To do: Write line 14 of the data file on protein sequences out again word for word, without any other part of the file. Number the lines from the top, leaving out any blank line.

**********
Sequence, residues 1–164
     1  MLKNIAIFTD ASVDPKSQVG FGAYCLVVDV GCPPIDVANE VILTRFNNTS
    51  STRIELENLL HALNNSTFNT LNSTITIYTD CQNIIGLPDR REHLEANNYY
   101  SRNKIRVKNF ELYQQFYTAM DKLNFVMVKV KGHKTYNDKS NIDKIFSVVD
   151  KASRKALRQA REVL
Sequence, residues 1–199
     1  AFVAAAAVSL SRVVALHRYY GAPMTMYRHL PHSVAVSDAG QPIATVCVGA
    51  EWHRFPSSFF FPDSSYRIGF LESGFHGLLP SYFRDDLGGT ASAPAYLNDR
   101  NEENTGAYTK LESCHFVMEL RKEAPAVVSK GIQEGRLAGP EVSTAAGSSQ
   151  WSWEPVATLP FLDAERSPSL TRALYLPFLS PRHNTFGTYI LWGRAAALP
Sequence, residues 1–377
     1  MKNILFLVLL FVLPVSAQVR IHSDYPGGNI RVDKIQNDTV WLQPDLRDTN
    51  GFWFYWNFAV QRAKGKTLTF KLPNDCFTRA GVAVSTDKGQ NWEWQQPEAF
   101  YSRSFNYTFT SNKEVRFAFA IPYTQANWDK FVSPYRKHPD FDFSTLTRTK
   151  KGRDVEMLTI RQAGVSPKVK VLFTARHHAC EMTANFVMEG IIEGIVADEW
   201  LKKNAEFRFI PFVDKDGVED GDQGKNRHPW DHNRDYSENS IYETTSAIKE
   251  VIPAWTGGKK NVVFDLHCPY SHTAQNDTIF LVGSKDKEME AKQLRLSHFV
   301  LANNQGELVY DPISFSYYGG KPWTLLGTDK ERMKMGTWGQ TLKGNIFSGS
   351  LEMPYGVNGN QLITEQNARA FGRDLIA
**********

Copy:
   101  YSRSFNYTFT SNKEVRFAFA IPYTQANWDK FVSPYRKHPD FDFSTLTRTK